Have you wondered how accommodation requests for assistance animals (service animals or emotional support animals) can affect your business?
According to the Fair Housing Act, “Apartment owners and operators are required to make reasonable accommodations in rules, policies, practices, or services, when such accommodations may be necessary to afford a person with a disability equal opportunity to use and enjoy a dwelling unit or common space.”
The most requested reasonable accommodation is for an emotional support animal (ESA) that would normally be prohibited from residing with the resident. This means according to the law, housing providers must consider making exceptions to rules that prohibit animals in a no-pets building, prohibit certain aggressive breeds on the property or limit the number of animals in a unit. Owners and operators also are required to waive pet fees or deposits for assistance animals.
Clarity is Needed
The challenge is a lack of clarity in the law which has created a loophole that fosters a system where online outlets profit from producing the verification required by law for anyone willing to pay for it. With the volume of requests, apartment owners and operators have a hard time parsing out the legitimate from the illegitimate requests.
According to Nicole Upano, Director of Public Policy, National Apartment Association, “Housing providers need clarity around what is considered “reliable” documentation when it comes to residents’ requests for assistance animals, or more commonly, emotional support animals. This lack of clarity has made owners and operators feel unnecessarily exposed to fair housing complaints, unable to properly implement rules and policies around residents’ animals and ill-prepared to deal with residents’ concerns, like how to address issues related to an emotional support animal that would normally be on a prohibited breed list.”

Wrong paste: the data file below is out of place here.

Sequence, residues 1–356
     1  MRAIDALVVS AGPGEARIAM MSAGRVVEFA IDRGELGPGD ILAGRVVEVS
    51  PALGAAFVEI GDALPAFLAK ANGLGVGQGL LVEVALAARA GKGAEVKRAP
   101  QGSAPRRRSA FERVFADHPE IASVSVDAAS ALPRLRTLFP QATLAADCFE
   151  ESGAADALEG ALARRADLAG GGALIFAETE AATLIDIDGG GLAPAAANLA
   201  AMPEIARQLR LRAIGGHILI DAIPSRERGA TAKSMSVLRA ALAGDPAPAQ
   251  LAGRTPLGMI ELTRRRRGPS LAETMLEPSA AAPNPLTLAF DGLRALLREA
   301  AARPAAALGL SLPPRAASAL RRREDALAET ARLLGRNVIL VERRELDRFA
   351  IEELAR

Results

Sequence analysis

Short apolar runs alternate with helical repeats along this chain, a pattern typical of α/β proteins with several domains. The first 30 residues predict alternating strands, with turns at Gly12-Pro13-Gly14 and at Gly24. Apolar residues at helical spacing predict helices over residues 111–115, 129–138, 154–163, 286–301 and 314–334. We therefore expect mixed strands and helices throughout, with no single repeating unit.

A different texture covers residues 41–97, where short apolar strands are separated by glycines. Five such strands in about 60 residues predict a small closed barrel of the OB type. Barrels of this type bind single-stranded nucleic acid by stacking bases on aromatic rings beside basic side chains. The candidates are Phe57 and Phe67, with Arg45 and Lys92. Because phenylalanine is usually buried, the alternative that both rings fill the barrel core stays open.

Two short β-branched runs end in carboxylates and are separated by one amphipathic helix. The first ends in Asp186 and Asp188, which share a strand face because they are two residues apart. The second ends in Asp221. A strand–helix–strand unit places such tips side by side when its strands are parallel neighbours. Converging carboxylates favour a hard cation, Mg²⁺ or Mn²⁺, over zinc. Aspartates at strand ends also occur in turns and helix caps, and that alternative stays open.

New Guidance issued by HUD
On January 28, 2020, the U.S. Department of Housing and Urban Development (HUD) released new guidance to clarify the responsibilities of both rental housing providers and renters concerning reasonable accommodation requests for emotional support animals (ESAs) in housing.
In light of the new guidance, NAAEI has updated the Emotional Support Animals course, available on Visto, to better educate industry professionals on the process to evaluate requests for assistance animals, when you can ask for reliable documentation, the rules related to multiple animals and guests’ animal requests and addressing a number of other frequently asked questions. The course also provides scenarios, script language you can use to train your staff, and many resources the user can download for easy reference.
The Emotional Support Animals course is available on Visto and you earn three CECs